Earlier this week, I tripped through the time portal that is Richard Haswell’s With the Changing Light and landed in late 1983. Most weekday mornings that autumn, I boarded a SEPTA bus in downtown Hatboro and traveled to the Willow Grove Park Mall, where I switched to a second bus that took me to the Red Lion Diner opposite Abington Hospital. Myself and other carless souls, and there were quite a few of us, then trekked by foot the final stretch of road to Penn State’s Ogontz campus. In total, the journey took about an hour – but I couldn’t complain (much). I almost always had headphones on and a Walkman clone in hand, plus an assortment of cassettes stuffed into my backpack.
Mine was, is and will always be an eclectic taste in music, ranging from pop to rock to new wave to soul/R&B to country to folk but, as I’ve noted before, my bent towards country and singer-songwriters developed at a slower pace. Which is to say, if you pulled out the tapes I carried with me that fall, you’d likely have found offerings by Kate Bush, the Jam, Joan Jett, Paul McCartney, Lou Reed and Neil Young, among others, as well as homemade mixes that gathered together select album tracks and 45s.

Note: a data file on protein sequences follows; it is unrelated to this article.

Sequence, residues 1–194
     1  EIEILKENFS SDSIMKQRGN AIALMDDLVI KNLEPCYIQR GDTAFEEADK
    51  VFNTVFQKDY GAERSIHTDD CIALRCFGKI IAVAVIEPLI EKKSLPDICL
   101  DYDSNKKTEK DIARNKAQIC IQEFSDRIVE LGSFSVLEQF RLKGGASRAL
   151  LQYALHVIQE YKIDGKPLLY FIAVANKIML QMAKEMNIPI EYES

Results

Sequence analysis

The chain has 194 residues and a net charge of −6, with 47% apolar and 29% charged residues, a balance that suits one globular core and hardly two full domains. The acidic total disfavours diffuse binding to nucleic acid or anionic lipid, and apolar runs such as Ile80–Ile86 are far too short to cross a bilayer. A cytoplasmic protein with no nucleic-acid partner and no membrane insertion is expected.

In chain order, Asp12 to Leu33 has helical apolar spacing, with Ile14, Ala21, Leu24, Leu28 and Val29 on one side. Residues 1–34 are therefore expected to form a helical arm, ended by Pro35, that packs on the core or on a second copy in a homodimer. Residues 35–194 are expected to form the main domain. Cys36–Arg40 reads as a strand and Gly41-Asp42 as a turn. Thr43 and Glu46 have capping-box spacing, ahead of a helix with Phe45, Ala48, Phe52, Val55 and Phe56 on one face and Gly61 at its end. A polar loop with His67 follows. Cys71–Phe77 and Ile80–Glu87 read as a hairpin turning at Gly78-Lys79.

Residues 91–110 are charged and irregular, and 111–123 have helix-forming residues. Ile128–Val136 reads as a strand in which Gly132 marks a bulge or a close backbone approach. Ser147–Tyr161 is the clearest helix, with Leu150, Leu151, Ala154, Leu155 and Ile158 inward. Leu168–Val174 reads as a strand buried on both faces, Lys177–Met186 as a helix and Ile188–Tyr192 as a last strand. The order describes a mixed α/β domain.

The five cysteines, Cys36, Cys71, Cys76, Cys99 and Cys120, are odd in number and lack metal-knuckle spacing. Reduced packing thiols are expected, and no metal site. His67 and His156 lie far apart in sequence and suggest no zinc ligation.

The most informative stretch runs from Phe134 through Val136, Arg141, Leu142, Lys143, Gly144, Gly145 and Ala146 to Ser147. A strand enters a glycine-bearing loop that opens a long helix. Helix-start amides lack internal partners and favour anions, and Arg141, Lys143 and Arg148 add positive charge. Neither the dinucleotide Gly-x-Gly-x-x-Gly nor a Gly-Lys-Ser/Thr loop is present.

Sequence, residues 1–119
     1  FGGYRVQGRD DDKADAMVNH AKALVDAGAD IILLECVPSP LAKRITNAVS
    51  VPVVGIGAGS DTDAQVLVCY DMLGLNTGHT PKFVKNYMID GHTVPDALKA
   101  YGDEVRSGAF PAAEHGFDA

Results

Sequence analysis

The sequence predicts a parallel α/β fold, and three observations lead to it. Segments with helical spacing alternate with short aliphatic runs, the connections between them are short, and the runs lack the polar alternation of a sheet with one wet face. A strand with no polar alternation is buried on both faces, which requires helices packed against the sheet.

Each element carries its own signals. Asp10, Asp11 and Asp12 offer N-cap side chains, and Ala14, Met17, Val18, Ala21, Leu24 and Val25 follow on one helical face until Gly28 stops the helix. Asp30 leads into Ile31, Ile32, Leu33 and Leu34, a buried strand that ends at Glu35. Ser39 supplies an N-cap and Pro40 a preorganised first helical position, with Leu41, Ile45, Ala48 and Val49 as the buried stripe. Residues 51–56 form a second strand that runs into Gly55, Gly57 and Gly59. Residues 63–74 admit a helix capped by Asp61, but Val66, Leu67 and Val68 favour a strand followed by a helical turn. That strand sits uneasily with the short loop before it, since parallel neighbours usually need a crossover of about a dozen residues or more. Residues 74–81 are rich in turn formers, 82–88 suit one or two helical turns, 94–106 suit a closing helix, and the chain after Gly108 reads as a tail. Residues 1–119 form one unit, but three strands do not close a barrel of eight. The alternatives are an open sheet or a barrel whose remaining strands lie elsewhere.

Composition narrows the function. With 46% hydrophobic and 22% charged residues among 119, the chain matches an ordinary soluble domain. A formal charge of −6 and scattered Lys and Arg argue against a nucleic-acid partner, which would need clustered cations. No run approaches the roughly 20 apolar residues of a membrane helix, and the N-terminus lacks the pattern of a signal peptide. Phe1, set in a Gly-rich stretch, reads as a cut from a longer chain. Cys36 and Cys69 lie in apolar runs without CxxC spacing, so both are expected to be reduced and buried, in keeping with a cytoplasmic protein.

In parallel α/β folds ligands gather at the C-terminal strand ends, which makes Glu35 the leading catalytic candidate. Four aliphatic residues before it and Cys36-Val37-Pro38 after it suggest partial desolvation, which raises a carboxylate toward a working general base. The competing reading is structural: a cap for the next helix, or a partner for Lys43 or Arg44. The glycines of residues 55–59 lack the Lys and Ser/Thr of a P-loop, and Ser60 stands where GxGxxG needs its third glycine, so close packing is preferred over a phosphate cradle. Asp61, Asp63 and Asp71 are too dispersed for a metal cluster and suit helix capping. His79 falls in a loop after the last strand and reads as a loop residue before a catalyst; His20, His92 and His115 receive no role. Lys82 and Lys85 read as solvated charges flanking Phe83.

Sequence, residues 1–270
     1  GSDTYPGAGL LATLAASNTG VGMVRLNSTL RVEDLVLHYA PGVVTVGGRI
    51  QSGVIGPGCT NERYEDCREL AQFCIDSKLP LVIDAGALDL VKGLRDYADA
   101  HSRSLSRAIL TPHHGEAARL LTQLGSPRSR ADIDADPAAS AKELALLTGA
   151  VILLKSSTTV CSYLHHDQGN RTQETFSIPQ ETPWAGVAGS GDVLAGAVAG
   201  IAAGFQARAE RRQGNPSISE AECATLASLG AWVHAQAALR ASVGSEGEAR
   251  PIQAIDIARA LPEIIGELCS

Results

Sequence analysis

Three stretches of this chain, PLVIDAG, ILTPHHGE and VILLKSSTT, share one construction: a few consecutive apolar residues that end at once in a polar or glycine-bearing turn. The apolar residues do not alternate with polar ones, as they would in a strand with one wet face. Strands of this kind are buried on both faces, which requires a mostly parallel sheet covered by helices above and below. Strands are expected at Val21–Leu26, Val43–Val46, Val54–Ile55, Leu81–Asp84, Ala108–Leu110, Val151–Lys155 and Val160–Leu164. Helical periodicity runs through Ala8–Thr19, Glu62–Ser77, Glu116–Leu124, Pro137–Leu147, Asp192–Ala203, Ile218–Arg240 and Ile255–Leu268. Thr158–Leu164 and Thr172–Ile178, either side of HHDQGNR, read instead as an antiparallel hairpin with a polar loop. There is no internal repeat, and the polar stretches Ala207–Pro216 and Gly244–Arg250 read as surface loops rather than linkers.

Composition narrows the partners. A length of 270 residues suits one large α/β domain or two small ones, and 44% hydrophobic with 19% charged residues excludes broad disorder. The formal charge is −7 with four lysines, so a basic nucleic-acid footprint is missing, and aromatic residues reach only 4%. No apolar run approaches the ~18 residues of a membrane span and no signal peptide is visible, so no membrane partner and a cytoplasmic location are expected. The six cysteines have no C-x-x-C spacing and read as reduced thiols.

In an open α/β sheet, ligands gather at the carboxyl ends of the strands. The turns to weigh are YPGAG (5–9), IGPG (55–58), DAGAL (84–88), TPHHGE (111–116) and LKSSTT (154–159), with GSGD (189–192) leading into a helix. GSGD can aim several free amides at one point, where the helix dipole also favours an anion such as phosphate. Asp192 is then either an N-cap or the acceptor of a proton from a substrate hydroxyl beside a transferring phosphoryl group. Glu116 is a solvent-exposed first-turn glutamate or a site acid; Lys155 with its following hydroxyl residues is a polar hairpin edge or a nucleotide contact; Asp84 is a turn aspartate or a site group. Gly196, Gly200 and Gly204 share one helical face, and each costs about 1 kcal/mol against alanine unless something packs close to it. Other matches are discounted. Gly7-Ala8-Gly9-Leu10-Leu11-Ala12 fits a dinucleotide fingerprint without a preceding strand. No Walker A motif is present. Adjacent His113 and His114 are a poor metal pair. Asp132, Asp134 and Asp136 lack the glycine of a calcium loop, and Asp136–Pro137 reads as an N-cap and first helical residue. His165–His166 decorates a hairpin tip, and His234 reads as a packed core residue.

Flash forward two years, by which time I’d beamed aboard the Penn State mothership in State College, and you’d have found tapes from Lone Justice, the Long Ryders and other of the era’s below-the-radar acts, including the pre-“Manic Monday” Bangles, scattered around my new-old car, a trusty if slightly rusty Chevette with some 80,000 miles on it. Country, country-rock and folk-rock were my genres of choice by that point, though I also had developed a hankering for the Paisley Underground’s Day-Glo sound.
I start there for context’s sake. We all are the products of our environs and, in my slice of early and mid-‘80s suburbia, for music that meant friends, mainstream radio and such magazines as Creem, Musician, Record, Rolling Stone and Trouser Press. Rock, punk and New Wave got ink in each, of course, but country and folk did not. The Nashville Network cable channel, aka TNN, helped with the former, but for the latter? It was a void I didn’t know needed filling.
Now, I’ve written before of becoming a Folk Show deejay on student-run WPSU-FM, which had recently changed its call letters from WDFM and would, within a few years, morph into an NPR-affiliated, professionally run station, so I won’t rehash too much here. But know this: the shows I hoped to host (rock and/or oldies) were filled by returning students, so I took what I could get. When I slid behind the microphone for my first shift at 6am on Sunday Sept. 29th, 1985, I didn’t have much planned beyond Bob Dylan, the Byrds, Buffalo Springfield and Stephen Stills, plus a smattering of old LPs from the Folk Show-branded metal shelves in the record library.